*Please note: Since writing this piece, Tesla posted an update on the accident detailing new information that was obtained from the computer logs inside the vehicle. Notably, Autopilot was engaged. The driver received several visual and one audible hands-on warning earlier in the drive and the driver’s hands were not detected on the wheel for six seconds prior to the collision. It also was shown that the driver had roughly five seconds and 150 meters of unobstructed view of the concrete divider with the crushed crash attenuator, but no action was taken.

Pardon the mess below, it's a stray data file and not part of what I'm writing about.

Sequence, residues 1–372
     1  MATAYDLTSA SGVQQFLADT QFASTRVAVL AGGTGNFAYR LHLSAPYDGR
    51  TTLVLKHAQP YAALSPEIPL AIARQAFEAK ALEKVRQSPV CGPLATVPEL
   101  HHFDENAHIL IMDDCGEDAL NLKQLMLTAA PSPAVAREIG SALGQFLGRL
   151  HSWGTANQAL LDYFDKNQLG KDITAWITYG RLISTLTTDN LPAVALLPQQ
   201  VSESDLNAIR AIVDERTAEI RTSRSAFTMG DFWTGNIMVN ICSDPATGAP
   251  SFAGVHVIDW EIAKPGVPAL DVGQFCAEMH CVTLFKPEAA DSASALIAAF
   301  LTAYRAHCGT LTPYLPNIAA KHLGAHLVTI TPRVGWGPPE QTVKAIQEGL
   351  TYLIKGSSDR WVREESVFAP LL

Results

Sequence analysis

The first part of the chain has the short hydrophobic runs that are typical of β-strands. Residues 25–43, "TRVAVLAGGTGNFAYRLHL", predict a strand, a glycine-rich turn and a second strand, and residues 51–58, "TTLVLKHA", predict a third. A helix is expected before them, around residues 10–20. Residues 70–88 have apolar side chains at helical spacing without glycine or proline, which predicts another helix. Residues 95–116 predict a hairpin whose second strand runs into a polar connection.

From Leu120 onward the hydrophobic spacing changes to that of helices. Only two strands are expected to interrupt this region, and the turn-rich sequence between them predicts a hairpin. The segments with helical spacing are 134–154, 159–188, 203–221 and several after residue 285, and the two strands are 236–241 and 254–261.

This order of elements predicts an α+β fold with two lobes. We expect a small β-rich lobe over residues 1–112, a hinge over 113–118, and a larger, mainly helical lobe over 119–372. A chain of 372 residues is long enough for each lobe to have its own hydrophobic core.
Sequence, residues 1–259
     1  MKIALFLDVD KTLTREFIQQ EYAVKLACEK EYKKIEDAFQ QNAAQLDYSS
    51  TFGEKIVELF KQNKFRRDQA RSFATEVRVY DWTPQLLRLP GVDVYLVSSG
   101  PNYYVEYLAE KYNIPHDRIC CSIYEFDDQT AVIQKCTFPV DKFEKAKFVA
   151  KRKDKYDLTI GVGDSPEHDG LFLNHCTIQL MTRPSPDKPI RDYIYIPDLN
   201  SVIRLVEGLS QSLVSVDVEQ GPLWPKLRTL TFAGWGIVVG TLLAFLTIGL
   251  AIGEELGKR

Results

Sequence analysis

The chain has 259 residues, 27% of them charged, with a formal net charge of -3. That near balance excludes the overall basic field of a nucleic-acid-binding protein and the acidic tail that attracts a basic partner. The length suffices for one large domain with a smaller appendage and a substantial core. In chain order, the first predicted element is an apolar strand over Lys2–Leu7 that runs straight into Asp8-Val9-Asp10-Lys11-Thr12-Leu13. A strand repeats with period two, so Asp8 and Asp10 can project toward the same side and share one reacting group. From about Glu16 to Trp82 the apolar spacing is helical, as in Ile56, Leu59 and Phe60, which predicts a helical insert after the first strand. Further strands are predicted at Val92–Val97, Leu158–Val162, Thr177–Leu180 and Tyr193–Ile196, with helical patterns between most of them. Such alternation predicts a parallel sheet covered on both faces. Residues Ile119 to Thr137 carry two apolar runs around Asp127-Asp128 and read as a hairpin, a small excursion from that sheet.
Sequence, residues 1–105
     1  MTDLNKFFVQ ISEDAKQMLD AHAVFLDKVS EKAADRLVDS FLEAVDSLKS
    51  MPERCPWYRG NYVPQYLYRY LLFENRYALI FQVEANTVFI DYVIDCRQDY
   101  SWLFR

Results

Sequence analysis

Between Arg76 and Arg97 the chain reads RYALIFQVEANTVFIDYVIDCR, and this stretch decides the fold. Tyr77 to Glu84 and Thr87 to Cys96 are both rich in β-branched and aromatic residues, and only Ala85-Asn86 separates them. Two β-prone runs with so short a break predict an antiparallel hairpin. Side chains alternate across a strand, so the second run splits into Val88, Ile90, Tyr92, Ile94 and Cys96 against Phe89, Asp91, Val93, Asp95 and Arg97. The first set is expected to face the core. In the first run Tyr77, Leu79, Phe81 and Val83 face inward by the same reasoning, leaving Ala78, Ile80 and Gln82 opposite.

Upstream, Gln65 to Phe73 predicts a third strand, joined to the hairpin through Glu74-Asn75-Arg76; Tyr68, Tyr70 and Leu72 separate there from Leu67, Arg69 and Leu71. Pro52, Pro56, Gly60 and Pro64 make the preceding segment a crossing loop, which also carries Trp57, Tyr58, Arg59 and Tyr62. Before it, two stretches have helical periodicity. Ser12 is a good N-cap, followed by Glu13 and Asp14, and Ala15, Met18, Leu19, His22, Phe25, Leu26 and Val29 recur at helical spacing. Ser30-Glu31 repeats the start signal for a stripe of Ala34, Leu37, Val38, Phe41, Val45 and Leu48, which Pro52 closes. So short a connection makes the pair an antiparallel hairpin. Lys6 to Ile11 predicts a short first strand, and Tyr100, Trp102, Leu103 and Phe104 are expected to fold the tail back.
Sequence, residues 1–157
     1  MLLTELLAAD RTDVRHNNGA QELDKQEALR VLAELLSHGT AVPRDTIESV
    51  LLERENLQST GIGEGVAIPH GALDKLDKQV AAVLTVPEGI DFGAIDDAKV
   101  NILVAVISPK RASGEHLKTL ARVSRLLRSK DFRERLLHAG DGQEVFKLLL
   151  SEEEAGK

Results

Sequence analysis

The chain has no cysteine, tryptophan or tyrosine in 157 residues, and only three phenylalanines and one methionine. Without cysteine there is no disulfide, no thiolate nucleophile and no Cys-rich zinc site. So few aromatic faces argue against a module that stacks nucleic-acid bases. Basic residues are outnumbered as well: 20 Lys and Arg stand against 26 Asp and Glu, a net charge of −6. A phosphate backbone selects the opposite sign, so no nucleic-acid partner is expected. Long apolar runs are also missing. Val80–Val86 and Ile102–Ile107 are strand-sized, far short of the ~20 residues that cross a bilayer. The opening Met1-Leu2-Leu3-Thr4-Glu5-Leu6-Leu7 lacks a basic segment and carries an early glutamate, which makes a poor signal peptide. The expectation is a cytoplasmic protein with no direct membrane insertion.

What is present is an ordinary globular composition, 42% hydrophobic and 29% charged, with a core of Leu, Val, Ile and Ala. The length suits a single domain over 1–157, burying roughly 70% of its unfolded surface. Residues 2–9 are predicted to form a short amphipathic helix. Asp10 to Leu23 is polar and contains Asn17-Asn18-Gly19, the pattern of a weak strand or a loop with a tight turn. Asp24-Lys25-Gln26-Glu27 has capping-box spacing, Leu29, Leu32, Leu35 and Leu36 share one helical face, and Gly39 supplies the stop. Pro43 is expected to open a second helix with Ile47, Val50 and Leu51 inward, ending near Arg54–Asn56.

2. Waymo Orders Jaguars as It Plans for an Autonomous Taxi Platform
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Waymo ordered 20,000 cars from JaguarTATA for its autonomous fleet. ARK believes that WaymoGOOGL is at the forefront of autonomous driving technology, but needs to gain scale to commercialize its service. The Jaguar deal is a significant step in the right direction.
Owned by India’s Tata Motors, Jaguar could be a better Waymo partner than Fiat. Fiat’s fleet of hybrid Pacifica Minivans, for example, has been subject to recalls. In addition, the Jaguar I-Pace is an all-electric platform, and according to ARK’s research, electric cars will be more economic than hybrids, thanks to lower operating costs and the declining cost curve associated with battery pack systems.
The Jaguar Announcement Offers New Clues to the Potential Utilization of Autonomous Cars